A wage garnishment or attachment occurs when a court orders a debtor’s employer to withhold a certain percentage of their paycheck. The employer must send this amount directly to the creditor to pay off the debt. Wage garnishments often arise when a creditor receives a money judgment, when a debtor owes support to their child or ex-spouse, when a taxpayer has failed to comply with tax obligations, or when a consumer has defaulted on their student loans. Your rights and obligations vary in each situation.
A typical creditor, such as a credit card company, cannot garnish a debtor’s wages without a court order. When a creditor gets a money judgment against a debtor in court, it can give the resulting order to the sheriff. The sheriff will notify the employer of the wage garnishment, and the employer will notify the debtor. The garnishment likely will start soon after notifying the debtor, although the debtor will have an opportunity to object to the garnishment in a formal hearing. The court or the debtor’s employer will tell them how they can object.
Wage Garnishment and Bankruptcy
Filing for bankruptcy may sometimes stop wage garnishment, but the debt may need to be paid back eventually.
Under federal law, a creditor cannot garnish more than 25 percent of your net earnings after mandatory deductions or, if it is lower, the amount by which your weekly earnings exceed 30 times the minimum wage. A debtor may have stronger protections under state law.
The law regarding employee rights in this area is complicated. Your employer cannot retaliate against you based on a wage garnishment for a single debt. However, your employer may legally fire you if your wages are being garnished for more than one debt, even if the debts involve the same creditor. Again, you may have more rights under state law than under federal law.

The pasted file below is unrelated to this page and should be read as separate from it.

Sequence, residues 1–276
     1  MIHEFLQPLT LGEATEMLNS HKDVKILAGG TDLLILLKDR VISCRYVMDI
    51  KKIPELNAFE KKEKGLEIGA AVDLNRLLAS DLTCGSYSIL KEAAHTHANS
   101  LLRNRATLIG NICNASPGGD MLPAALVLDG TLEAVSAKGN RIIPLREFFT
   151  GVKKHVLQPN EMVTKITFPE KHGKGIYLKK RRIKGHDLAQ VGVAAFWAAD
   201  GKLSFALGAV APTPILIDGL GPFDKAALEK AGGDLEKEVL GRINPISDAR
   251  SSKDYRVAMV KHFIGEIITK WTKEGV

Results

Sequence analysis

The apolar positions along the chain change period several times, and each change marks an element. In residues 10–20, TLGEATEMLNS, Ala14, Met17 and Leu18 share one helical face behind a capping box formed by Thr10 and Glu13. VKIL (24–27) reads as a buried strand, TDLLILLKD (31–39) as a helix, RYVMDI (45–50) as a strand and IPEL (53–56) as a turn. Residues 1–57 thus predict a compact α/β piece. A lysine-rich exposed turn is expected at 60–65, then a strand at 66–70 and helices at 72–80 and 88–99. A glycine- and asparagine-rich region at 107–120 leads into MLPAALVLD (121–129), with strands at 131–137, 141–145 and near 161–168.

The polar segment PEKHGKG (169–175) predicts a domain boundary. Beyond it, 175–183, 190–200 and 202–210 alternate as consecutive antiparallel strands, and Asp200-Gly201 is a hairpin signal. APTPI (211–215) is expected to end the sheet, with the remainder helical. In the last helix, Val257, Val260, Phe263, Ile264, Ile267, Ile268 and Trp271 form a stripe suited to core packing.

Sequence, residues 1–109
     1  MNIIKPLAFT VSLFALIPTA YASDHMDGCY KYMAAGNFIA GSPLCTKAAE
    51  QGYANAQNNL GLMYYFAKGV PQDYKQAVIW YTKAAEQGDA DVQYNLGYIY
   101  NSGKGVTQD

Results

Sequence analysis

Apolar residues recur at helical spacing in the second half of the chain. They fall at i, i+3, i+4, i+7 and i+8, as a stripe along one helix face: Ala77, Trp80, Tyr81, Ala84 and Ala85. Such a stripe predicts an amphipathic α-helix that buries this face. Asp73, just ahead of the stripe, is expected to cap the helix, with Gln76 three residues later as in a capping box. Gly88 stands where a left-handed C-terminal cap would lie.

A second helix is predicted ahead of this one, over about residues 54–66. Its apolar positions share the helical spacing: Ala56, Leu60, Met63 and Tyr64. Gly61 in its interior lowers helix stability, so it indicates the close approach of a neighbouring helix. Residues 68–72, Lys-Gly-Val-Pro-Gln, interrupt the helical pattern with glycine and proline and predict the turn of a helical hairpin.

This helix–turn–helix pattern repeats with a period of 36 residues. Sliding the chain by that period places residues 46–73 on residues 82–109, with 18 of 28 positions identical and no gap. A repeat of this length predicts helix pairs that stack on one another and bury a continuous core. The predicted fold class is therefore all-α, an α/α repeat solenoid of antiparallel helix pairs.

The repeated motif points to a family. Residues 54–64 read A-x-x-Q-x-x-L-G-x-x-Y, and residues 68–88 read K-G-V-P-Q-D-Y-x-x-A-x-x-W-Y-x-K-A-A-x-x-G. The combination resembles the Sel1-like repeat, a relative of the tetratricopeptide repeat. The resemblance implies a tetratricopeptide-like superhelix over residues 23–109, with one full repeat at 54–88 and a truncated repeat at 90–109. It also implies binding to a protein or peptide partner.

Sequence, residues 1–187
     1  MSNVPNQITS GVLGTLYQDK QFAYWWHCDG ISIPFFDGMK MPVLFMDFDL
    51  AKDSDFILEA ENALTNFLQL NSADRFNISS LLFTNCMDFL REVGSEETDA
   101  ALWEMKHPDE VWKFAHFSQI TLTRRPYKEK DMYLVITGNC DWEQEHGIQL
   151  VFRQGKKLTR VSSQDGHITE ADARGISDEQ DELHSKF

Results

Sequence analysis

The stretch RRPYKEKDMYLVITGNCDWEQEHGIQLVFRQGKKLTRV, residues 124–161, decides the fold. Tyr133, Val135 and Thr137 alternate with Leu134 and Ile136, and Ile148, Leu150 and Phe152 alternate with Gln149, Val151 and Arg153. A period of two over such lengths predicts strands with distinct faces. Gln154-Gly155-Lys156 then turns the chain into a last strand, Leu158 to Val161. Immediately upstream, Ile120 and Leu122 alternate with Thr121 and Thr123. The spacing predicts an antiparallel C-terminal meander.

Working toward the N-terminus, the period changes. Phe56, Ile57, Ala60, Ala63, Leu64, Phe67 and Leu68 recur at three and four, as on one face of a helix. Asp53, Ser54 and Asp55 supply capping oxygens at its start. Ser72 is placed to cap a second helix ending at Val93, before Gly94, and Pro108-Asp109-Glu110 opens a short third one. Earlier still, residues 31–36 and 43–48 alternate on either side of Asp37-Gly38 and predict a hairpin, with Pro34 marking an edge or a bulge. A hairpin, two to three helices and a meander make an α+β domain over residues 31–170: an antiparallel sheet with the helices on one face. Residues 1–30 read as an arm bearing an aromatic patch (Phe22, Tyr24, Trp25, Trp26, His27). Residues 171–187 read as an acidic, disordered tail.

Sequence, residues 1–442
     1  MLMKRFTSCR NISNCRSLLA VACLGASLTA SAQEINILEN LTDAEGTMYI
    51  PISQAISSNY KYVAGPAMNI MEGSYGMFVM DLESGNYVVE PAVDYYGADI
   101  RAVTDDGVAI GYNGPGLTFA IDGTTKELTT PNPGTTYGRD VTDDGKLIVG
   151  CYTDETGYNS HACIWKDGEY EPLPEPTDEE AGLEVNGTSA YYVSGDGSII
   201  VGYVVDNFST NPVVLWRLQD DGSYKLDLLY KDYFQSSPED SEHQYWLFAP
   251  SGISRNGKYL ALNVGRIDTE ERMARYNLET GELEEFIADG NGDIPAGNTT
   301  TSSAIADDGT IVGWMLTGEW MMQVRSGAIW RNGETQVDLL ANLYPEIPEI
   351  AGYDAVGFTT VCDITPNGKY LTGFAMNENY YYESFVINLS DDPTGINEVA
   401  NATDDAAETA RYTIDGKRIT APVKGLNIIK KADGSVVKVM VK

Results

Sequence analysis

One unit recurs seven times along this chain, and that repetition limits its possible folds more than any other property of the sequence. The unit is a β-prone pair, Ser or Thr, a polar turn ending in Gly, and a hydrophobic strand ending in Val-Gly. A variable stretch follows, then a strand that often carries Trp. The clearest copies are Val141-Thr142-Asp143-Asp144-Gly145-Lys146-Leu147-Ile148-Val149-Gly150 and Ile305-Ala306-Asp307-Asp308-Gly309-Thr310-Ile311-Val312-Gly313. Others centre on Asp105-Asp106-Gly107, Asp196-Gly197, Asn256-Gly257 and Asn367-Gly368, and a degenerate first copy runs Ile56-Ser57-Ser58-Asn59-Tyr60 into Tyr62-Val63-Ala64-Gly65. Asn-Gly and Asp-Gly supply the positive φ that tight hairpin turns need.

Child and Spousal Support
You may lose a greater amount of your paycheck to child support than you would to an ordinary creditor. The garnishment order may take half of your net earnings and as much as 60 percent if you are not supporting a different spouse or child. If you are more than 12 weeks behind in payments, you may lose as much as 65 percent of your net earnings. If the child support payment is combined with a spousal support payment, the wage garnishment will apply to the total amount. A wage garnishment does not automatically apply to spousal support if it is not combined with child support. However, you have rights against termination or other retaliation at work based on a garnishment for child support.
The IRS does not need a court order to garnish your wages for unpaid taxes. It will follow a formula based on the number of dependents whom you are supporting and the amount of your standard deduction. Your employer will give you the wage levy notice that it receives from the IRS, and you will need to complete the attached exemption claim form. Some state tax agencies also may garnish wages, although they may be subject to greater limits on the percentage that they can take.
Your wages also can be garnished to cover health insurance for your child.
You may lose up to 15 percent of your earnings to a wage garnishment if you default on a student loan. The U.S. Department of Education or any entity assisting it can garnish your wages without getting a court order. However, you have a right to be informed about the amount that you owe and about how to obtain a hearing on the garnishment. The Department of Education or other agency also must tell you how to arrange a voluntary repayment plan and how to get records related to the loan.